3. Stay on top of industry trends, and use them to guide your career.
Companies don’t want “seat fillers”—people who come into a role just to “fulfill” a list of “duties.” They want people who are passionate about supply chains, about learning, and about helping to advance a field that’s undergoing rapid transformation—adding value to their organization in the process. One of the best ways to show that you’re not a seat filler is to engage with current major issues in the field.
Supply chain management is changing fast, with companies undergoing massive transformations, pivoting to more resilient models, and adding new technologies to gain responsiveness and agility. It’s important to show your passion by digging in and deeply understanding these changes, and letting that inform the recommendations you make in the workplace. It’s not enough to understand how supply chains work. You have to show that you care about how they will work over the next 5-10 years, and have ideas to match. Read industry publications, attend events hosted by organizations like Supply Chain Canada and ASCM, and have conversations. These are great networking opportunities as well.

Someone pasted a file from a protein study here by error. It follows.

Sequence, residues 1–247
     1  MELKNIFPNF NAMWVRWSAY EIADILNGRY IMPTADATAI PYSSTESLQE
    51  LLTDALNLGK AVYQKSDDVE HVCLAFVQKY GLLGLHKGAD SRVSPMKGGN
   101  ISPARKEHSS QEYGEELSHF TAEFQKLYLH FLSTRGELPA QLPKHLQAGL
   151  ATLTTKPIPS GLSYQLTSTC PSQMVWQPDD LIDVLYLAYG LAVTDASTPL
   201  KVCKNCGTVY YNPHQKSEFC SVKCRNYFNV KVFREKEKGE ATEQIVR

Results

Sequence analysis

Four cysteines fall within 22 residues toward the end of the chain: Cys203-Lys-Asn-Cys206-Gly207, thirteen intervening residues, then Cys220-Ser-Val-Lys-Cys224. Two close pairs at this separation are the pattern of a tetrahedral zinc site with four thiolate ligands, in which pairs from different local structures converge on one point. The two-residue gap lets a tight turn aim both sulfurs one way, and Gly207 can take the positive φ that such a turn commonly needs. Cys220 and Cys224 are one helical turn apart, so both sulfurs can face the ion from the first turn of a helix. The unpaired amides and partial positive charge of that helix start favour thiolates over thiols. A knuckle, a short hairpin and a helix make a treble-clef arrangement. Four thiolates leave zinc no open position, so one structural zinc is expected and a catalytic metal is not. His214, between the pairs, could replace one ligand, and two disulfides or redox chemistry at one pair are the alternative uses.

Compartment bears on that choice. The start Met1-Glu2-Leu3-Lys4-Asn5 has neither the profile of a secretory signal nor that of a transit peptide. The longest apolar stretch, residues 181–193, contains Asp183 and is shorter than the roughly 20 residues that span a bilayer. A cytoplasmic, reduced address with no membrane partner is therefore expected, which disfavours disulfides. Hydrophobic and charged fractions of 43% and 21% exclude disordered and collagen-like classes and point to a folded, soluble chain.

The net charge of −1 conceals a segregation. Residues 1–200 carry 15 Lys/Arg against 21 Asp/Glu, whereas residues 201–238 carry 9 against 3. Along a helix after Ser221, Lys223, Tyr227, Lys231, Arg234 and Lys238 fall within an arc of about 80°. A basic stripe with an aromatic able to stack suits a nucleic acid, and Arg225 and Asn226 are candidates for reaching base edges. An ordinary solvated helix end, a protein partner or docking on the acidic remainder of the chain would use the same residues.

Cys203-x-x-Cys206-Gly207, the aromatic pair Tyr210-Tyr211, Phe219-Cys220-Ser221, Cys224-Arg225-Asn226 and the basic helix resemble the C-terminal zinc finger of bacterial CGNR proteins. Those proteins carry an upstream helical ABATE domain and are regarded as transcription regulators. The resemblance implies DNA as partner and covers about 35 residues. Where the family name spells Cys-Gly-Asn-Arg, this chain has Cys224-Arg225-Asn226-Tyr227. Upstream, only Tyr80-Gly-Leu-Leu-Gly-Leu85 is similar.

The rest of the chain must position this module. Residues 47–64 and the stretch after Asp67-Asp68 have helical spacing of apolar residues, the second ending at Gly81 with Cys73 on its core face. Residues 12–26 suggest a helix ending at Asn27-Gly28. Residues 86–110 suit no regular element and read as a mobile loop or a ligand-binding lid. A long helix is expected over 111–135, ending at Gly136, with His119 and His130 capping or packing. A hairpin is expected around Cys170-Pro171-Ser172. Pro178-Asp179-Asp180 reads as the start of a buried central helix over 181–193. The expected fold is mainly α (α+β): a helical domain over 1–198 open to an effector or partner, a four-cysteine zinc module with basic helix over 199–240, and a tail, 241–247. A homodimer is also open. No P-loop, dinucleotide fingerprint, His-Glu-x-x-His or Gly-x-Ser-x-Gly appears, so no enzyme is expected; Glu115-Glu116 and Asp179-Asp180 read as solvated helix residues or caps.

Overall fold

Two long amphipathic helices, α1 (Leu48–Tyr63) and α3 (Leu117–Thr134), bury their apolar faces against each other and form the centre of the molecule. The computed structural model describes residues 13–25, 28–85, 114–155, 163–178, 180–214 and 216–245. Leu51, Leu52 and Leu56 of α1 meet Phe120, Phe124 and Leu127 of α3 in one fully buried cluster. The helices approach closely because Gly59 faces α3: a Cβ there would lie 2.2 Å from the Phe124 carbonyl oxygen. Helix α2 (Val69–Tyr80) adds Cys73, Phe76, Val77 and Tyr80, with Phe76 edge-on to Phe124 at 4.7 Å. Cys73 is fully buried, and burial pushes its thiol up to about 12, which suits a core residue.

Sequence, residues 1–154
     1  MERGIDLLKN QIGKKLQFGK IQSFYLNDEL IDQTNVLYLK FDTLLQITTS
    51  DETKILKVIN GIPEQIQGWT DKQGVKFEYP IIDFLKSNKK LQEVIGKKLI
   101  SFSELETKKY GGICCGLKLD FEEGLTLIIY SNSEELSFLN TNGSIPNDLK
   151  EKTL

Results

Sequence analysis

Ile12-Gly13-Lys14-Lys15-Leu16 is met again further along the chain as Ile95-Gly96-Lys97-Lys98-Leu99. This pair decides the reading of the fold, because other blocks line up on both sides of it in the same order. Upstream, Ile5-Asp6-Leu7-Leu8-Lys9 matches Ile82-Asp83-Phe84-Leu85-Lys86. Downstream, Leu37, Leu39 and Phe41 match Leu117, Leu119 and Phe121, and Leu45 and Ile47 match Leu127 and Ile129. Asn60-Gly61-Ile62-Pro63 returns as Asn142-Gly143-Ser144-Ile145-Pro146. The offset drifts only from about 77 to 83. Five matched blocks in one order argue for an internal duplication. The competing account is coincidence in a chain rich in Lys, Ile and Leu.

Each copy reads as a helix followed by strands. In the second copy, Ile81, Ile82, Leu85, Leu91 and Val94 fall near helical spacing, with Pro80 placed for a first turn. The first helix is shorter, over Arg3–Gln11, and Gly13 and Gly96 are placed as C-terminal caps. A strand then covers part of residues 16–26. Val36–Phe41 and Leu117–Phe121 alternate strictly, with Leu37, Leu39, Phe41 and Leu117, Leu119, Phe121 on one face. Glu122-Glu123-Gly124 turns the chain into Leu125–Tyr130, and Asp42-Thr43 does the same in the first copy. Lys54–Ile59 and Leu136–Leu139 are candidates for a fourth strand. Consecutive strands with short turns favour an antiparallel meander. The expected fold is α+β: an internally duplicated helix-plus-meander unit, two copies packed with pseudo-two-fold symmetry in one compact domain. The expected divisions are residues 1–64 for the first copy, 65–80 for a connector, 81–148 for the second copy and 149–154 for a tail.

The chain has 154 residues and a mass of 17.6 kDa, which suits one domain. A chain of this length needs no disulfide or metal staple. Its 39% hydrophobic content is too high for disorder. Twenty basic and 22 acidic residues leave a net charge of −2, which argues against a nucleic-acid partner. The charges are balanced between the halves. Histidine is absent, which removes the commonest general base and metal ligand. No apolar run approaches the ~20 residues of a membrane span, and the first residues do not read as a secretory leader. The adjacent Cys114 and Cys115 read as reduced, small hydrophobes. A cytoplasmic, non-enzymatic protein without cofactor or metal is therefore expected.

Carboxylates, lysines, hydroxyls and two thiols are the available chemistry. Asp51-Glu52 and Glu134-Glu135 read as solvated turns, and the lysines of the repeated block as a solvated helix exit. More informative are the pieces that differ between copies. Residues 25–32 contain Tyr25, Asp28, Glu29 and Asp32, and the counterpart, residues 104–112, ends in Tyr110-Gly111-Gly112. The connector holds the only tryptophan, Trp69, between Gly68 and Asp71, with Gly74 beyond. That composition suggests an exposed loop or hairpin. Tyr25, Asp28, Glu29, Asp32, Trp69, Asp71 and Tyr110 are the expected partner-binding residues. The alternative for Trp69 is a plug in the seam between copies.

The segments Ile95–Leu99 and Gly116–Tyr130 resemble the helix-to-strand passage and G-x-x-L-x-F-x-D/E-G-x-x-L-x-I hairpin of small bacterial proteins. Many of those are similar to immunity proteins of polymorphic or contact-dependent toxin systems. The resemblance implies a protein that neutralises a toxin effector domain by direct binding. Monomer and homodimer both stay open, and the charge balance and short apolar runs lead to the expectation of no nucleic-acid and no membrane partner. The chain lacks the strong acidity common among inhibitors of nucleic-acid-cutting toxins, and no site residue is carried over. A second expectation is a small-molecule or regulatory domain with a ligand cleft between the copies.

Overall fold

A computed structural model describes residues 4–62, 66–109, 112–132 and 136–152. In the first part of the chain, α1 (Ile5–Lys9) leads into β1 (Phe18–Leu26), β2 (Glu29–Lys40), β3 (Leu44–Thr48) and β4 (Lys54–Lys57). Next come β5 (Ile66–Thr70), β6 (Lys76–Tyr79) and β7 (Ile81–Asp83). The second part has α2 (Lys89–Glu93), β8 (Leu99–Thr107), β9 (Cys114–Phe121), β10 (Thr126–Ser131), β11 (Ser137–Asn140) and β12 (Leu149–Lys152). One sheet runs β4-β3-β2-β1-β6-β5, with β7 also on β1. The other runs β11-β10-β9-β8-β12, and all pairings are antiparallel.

4. Improve your personal brand.
Staying up to date on industry trends is part of the picture, but showing your passion is another. We give lots of advice to candidates about improving their personal brands. It’s a part of the elusive “polish” that our clients are seeking. It’s also a constant process, but one that—like house cleaning, or networking—is actually a fairly low time commitment once you get in the habit.
The fundamentals: make sure your resume shines with accomplishments, metrics, and specific skills rather than lists of “duties.” Build out your LinkedIn profile with relevant keywords, action-oriented descriptions of your experience, and a strong LinkedIn profile picture—because yes, hiring managers and recruiters are checking your LinkedIn profile, or even finding you there. More advanced tactics are getting active by posting relevant articles with commentary, trying to find opportunities for speaking as part of industry events, and contributing to industry associations.
5. Continuous improvement and systems experience is key.